SEOUL — Pressure from a growing middle class will encourage China's leaders to push ahead with cleaning up the environment, the European Union's climate action commissioner said Tuesday.
Beijing also acknowledges the need to combat climate change and sees big business opportunities in green energy projects, Connie Hedegaard told a briefing during a visit to South Korea.
China, the world's second largest economy, is the top producer of carbon emissions blamed for climate change. But it is also the world's green investment leader, according to a survey by the Pew Charitable Trusts.
Hedegaard cited its latest five-year plan, which envisages major pilot projects to test market-based "cap and trade" emissions control systems.
"I believe China has realised there is a limit to how much it can grow its economy without taking into consideration energy considerations, environmental considerations, air pollution, water quality, things like that," she said.
"In the end it's also about social stability, because when China now has had some 400 million citizens entering the middle class, they also demand clean water and air their children can breathe, like others will do."
Hedegaard said China had for the first time introduced a carbon target "because they can see that it's necessary, but it's very much because they can see it benefits their own economy".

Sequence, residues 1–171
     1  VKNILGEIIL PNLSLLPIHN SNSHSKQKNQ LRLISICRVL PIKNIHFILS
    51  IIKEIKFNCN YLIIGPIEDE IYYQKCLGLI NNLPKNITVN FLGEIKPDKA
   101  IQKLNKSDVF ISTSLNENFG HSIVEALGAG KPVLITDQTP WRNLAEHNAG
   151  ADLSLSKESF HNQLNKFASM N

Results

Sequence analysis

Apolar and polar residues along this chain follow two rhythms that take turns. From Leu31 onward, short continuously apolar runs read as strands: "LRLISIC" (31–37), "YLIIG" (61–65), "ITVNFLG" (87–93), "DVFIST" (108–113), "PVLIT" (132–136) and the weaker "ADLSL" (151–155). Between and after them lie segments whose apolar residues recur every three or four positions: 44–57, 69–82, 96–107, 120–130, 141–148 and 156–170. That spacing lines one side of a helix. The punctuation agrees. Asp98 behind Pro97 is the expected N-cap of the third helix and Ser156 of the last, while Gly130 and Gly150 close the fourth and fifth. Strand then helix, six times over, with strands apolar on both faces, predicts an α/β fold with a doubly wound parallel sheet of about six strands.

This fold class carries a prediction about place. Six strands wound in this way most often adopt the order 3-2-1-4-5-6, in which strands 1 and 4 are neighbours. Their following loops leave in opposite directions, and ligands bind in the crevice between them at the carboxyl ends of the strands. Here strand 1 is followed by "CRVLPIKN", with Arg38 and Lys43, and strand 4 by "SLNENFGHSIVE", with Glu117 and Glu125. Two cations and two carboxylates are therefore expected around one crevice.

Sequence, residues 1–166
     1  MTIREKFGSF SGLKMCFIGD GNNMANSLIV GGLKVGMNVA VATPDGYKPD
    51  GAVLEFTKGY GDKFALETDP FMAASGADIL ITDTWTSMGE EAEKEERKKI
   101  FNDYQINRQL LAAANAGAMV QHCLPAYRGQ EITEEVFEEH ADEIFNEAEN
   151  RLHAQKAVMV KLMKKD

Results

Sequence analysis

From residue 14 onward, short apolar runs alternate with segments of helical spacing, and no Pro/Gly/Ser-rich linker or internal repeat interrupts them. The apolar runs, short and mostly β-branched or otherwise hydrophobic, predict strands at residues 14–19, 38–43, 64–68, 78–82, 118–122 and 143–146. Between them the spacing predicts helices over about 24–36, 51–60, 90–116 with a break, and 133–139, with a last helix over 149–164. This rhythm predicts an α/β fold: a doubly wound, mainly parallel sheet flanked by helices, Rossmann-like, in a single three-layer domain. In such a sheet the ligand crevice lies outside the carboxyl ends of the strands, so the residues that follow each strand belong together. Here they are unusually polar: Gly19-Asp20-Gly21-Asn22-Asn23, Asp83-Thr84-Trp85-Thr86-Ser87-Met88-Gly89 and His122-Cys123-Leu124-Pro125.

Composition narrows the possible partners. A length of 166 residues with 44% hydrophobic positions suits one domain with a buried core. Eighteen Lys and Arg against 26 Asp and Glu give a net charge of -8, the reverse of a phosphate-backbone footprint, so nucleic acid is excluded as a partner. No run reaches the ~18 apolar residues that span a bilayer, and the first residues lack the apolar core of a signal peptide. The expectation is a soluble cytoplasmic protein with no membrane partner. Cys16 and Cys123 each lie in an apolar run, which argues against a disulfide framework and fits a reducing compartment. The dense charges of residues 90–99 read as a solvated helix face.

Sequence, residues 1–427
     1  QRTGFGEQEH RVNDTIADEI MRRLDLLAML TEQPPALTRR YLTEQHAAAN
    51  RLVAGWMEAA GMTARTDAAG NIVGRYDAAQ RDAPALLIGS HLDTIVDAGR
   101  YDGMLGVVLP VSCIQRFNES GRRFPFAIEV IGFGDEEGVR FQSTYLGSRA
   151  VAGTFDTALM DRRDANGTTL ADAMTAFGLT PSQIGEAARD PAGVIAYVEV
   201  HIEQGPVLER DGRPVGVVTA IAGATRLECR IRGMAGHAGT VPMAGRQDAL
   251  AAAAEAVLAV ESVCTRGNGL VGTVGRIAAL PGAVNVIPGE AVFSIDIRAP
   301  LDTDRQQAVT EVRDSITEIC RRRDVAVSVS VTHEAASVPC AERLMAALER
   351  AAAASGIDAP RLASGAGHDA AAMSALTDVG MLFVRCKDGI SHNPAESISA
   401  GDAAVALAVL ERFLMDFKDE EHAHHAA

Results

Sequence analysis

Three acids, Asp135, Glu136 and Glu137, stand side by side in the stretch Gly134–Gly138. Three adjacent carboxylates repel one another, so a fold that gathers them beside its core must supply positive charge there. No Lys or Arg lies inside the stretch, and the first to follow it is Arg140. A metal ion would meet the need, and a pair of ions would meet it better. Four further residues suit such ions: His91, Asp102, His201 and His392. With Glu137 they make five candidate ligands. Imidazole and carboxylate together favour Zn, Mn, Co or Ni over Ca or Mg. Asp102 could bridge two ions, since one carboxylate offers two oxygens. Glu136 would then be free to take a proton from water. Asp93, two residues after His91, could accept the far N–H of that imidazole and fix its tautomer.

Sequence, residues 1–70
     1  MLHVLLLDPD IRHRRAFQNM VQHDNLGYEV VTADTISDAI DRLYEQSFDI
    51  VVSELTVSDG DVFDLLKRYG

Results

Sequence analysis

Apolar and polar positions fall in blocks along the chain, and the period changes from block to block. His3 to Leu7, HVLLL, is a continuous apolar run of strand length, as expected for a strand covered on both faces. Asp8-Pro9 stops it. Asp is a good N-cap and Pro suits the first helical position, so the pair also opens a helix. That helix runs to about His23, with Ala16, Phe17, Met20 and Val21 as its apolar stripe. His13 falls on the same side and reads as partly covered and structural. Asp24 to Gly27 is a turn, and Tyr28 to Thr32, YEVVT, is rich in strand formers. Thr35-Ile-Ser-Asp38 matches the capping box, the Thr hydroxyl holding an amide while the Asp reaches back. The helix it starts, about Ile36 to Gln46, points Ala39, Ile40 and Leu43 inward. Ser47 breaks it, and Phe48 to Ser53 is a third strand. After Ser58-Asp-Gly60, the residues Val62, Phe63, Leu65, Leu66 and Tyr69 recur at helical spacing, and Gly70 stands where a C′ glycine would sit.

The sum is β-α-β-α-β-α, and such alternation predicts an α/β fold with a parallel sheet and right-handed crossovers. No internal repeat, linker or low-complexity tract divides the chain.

The country already has 50 percent of the global wind power market, she noted.
Hedegaard said her visit to South Korea was partly aimed at discussing "cap and trade" market-based emissions trading schemes pioneered by Europe but now becoming more popular internationally.
"What was only recently more or less a European thing, where the whole idea originally was to make a global system and a system where we have a global price on carbon dioxide, now (this) actually seems to be moving forward," she said.
In Europe, GDP and manufacturing output had been increasing while emissions had been decreasing, "actually rather dramatically", and more than three million green jobs had been created, she said.
"We (Europe) really believe that to pursue this green growth strategy is the way to create growth in the 21st century," she said.
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